If you watched any NFL football action over the weekend, you know that much of the country is in a cold spell. A Bills game in Buffalo, NY, had to be postponed because of a huge storm, while in Kansas City, the Chiefs took on the Dolphins in the coldest game in Arrowhead Stadium history.
But if you live in the Chicago area and drive an electric vehicle, you might have had a tough go of it because Tesla battery chargers reportedly froze and left motorists unable to power up. The deep freeze turned public charging stations into “car graveyards,” according to a Chi-town Fox affiliate.
“Nothing. No juice. Still on zero percent,” said Tyler Beard, who has been trying to recharge his Tesla at an Oak Brook Tesla supercharging station since Sunday afternoon. “And this is like three hours being out here after being out here three hours yesterday.”
Beard was among the dozens of Tesla owners trying desperately to power up their cars at the Tesla supercharging station in Oak Brook. It was a scene mirrored with long lines and abandoned cars at scores of other charging stations around the Chicago area.
“This is crazy. It’s a disaster. Seriously,” said Tesla owner Chalis Mizelle.
This social media poster said he experienced problems in Auburn Hills, and I’m assuming he means in Michigan:
— Karl (@KarlMozurkewich) January 13, 2024
This guy faced a similar problem in November:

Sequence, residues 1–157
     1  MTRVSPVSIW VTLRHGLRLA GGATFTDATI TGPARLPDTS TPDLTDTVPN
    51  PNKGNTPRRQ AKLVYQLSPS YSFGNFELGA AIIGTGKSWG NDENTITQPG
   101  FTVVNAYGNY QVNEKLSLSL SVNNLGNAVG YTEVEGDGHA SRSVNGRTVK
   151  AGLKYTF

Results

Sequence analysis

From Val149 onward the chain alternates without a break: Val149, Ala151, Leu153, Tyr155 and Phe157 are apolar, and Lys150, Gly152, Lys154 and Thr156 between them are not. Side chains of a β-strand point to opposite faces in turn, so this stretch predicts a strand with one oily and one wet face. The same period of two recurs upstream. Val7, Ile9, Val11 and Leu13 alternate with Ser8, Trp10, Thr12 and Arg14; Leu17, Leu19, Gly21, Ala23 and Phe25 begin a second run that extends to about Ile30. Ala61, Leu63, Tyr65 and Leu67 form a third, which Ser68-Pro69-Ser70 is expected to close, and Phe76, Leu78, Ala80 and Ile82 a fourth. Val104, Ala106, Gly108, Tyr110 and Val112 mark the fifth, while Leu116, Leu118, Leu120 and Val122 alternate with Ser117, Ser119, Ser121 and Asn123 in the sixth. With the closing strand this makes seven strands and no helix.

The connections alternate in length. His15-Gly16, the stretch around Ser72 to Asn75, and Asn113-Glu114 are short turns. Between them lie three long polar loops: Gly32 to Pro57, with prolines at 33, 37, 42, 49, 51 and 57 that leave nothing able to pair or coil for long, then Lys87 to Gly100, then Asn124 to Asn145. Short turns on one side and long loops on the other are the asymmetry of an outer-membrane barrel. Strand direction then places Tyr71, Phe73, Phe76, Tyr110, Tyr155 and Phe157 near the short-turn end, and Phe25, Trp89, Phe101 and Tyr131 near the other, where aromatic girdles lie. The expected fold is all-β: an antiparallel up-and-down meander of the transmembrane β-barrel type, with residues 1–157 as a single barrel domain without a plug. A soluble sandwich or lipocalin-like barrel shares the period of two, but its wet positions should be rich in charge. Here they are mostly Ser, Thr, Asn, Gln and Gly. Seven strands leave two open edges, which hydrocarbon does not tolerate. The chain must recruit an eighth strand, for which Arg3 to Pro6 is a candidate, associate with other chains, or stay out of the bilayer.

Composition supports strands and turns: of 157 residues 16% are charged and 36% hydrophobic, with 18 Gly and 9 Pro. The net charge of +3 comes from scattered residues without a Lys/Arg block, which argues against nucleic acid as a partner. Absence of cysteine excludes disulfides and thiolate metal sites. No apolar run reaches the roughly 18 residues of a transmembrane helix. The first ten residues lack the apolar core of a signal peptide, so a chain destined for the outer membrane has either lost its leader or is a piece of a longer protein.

So my @Tesla is captive by a frozen charger. If I leave I lose my cable 🥶🥶🥶 I guess these chargers are not made for cold weather 👀👀👀 gonna be an interresting dutch winter 🤣 Called this morning the company but so far no mechanic (was promised within 2 hours) pic.twitter.com/yen2EkYZEk
— Daniel(a) (@_ChezDaniela) November 20, 2022
One annoyed driver said, “We got a bunch of dead robots out here.” But while frozen Tesla chargers might induce snickers from some people, one stranded passenger was not amused:
But it was no laughing matter to people like Kevin Sumrak, who landed at O’Hare on Sunday night to find his Tesla dead.
Sumlak was forced to hire a flatbed tow truck to try to find a working charging station.
Frozen chargers aren’t the only issue that EVs face in cold weather — the batteries also need more time to charge:
If your EV’s battery is too cold, it may take a lot more energy in order to start. Lithium-ion batteries within the car themselves are sensitive to temperatures, preferring a range of 60 to 80°F. If possible, keep your car in a garage so that it is less susceptible to becoming overly cold.
Your best defense in cold weather is not letting your EV get below a 20% charge. That 20% charge acts as reserve in case the battery is too cold and needs to pull from that stored energy to begin the charging process.
— beyerch (@beyerch) January 15, 2024
Luckily, automakers have invented a reliable solution that increases the range of automobiles, operates in cold weather, and doesn’t need constant charging. They’ve named it the “gas-powered vehicle.”